The Work: New Campaigns - The World

campaignlive.co.uk, Friday, 31 October 2008 12:00AM

HIMANI FAST RELIEF - MAN-MADE MACHINES - INDIA
CREDITS
Project: Man-made machines
Client: Emami Industries
Brief: Build awareness and sales of Himani Fast Relief
Creative agency: Publicis Ambience
Writer: Ashish Khazanchi
Art directors: Prasanna Sankhe, Prashant Godbole, Akash Das
Media agency: Prachar
Production company: Equinox Films
Director: Ram Madhvani
Editor: Anshuman Gokel, Pixion
Post-production: Tata Elxsi
Audio Post-production: Famous Studio
Exposure: National TV, cinema

THE LOWDOWN

One of the most expensive commercials in India this year has been made to boost sales of the most unlikely of products - a muscular pain-relief cream.

About 200 people, mainly gymnastics performers, were assembled and trained for four months to produce the spot, which was shot over a ten-day period.

The Publicis Ambience agency in Mumbai created the 60-second film for Himani Fast Relief, which features humans taking the place of various parts of vehicles and machines.

The campaign is part of a concerted effort by the Calcutta-based FMCG company Emami to turn Himani into a core brand.

The advertising presents Himani as an antidote to modern life, in which people become consumed by life's daily chores.

DIESEL PERFUME - UNLIMITED - FRANCE
CREDITS
Project: Unlimited
Client: Steeve Hagege, international marketing director, Diesel Perfume
Brief: Launch Diesel's new feminine fragrance
Creative agency: Fred & Farid Paris
Writers/art directors: Pierre Escarment, Victor Marrec, Juliette Lavoix,
Pauline de Montferrand
Media agency: n/s
Production company: Irene/Flynn
Director: Paul Gore
Post-production: Reepost
Audio Post-production: Hot Line
Exposure: National TV, online

THE LOWDOWN

Diesel is launching a new female fragrance with a TV campaign emphasising freedom and sensuality, under the theme: "For women only."

Fred & Farid Paris created the spot, which, it says, moves Diesel on from its previous fragrance advertising that spotlighted sexual hedonism to celebrate the joy of being alive. The 60-second film uses a combination of rapidly changing close-ups and wide shots to create a world in which it becomes difficult to distinguish reality from fantasy.

The commercial is the work of Paul Gore, a former photographer who has directed music videos for Amy Winehouse and Massive Attack.

SAUDI TELECOM - CORPORATE IDENTITY LAUNCH - SAUDI ARABIA
CREDITS
Project: Corporate identity launch
Client: Saudi Telecom
Brief: Promote Saudi Telecom's ability to simplify things so as to make
life easier for its customers
Creative agency: JWT Riyadh
Writers: Sarah Nasr, Ghassan Alghaddaf, Turki Al Jaber
Art directors: Ahmed Nabil, Amr Wagih
Media agency: Starcom
Photographer: Roger Moukarzel
Exposure: Press, outdoor

THE LOWDOWN Saudi Telecom, the largest operator of its kind in the Middle East, has launched new corporate advertising promoting its ability to make life easier for its customers.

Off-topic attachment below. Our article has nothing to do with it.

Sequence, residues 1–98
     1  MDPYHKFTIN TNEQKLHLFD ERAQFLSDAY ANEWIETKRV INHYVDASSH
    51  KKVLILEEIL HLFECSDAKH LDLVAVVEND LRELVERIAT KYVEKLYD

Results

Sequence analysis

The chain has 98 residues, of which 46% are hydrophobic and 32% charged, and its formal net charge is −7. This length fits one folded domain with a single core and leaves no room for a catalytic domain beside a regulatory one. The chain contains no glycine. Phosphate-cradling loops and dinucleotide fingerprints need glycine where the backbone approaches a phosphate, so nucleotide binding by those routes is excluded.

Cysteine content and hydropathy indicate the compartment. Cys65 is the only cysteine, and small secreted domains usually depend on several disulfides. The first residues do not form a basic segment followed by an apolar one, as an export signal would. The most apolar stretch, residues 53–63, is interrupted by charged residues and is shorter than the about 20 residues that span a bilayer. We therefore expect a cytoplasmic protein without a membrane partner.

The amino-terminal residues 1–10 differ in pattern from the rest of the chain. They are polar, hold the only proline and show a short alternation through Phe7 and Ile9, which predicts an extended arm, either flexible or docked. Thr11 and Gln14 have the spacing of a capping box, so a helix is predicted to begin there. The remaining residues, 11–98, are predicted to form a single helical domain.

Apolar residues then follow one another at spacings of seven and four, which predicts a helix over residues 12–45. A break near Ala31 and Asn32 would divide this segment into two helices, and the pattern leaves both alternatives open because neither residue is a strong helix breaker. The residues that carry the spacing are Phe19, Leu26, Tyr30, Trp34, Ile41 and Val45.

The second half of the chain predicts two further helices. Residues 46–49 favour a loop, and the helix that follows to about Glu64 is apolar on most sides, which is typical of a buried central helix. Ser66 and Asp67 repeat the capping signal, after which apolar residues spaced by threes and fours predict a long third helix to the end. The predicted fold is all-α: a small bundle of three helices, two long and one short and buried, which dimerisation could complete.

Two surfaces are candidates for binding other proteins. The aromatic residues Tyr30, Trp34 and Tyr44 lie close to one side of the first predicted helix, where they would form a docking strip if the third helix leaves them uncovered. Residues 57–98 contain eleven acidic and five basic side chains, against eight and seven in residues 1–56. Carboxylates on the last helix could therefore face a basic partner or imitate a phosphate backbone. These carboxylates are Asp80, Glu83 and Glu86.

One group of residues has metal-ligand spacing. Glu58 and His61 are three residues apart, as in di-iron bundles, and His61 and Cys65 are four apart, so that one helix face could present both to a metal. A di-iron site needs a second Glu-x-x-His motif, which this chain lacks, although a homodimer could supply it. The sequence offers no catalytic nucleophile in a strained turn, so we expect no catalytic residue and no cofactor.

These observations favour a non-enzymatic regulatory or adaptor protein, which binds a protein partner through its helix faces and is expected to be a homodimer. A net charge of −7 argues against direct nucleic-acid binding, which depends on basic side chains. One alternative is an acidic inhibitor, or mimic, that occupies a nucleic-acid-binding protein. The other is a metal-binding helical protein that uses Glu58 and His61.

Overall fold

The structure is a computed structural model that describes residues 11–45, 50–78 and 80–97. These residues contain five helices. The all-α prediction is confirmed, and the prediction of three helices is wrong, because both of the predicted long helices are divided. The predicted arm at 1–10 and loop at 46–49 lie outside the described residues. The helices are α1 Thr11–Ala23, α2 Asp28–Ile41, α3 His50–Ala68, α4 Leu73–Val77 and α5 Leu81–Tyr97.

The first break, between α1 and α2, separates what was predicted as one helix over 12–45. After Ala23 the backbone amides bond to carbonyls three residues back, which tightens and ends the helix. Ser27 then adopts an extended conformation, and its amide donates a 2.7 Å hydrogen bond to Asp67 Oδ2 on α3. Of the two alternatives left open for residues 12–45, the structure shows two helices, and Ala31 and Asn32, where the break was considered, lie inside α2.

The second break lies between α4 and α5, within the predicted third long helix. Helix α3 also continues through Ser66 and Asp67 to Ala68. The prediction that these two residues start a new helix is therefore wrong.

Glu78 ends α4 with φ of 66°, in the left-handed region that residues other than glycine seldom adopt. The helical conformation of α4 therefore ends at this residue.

JWT's Riyadh office devised the press and outdoor campaign under the theme: "Easier life."

The advertising capitalises on what the company says has been its success at keeping pace with new technologies and its move beyond local boarders.

The company now has a footprint in Kuwait, India, Indonesia, Malaysia, Turkey and South Africa.

ICBC - DIRTY DRIVERS - CANADA
CREDITS
Project: Dirty drivers
Clients: Jeff Schulz, vice-president, strategic marketing; Reg Romero,
advertising marketing services manager, Insurance Corporation of British
Columbia
Brief: Promote safe driving as better for the environment and a money
saver
Creative agency: Wasserman & Partners, Vancouver
Writers: Liam Greenlaw, Steve Zaozirny
Art director: Liam Greenlaw
Planners: Karen Nishi, Sean Weller
Media agency: Wasserman & Partners
Media planners: Andeen Pitt, Antonella Frustaci
Production company: The Garden, Toronto
Director: Liam Grenlaw
Editor: Don Macdonell
Post-production: JMB Post
Exposure: Regional TV, online

THE LOWDOWN

A Canadian insurance company eager to present itself as the champion of environmentally conscious motorists is underlining its message with advertising that depicts a group of offenders as recovering alcoholics.

The initiative, by the Insurance Corporation of British Columbia, aims to educate people about safe driving and explain how even small behavioural changes can save them money and reduce their carbon emissions.

The Vancouver-based Wasserman & Partners created the TV spots featuring meetings of a fictional support group for "dirty drivers".

Each member introduces themselves, admits to being a "dirty driver" and reports on their progress towards recovery.

The campaign aims to drive traffic to a website where visitors can pick up more information and make use of an emissions calculator.

This article was first published on campaignlive.co.uk

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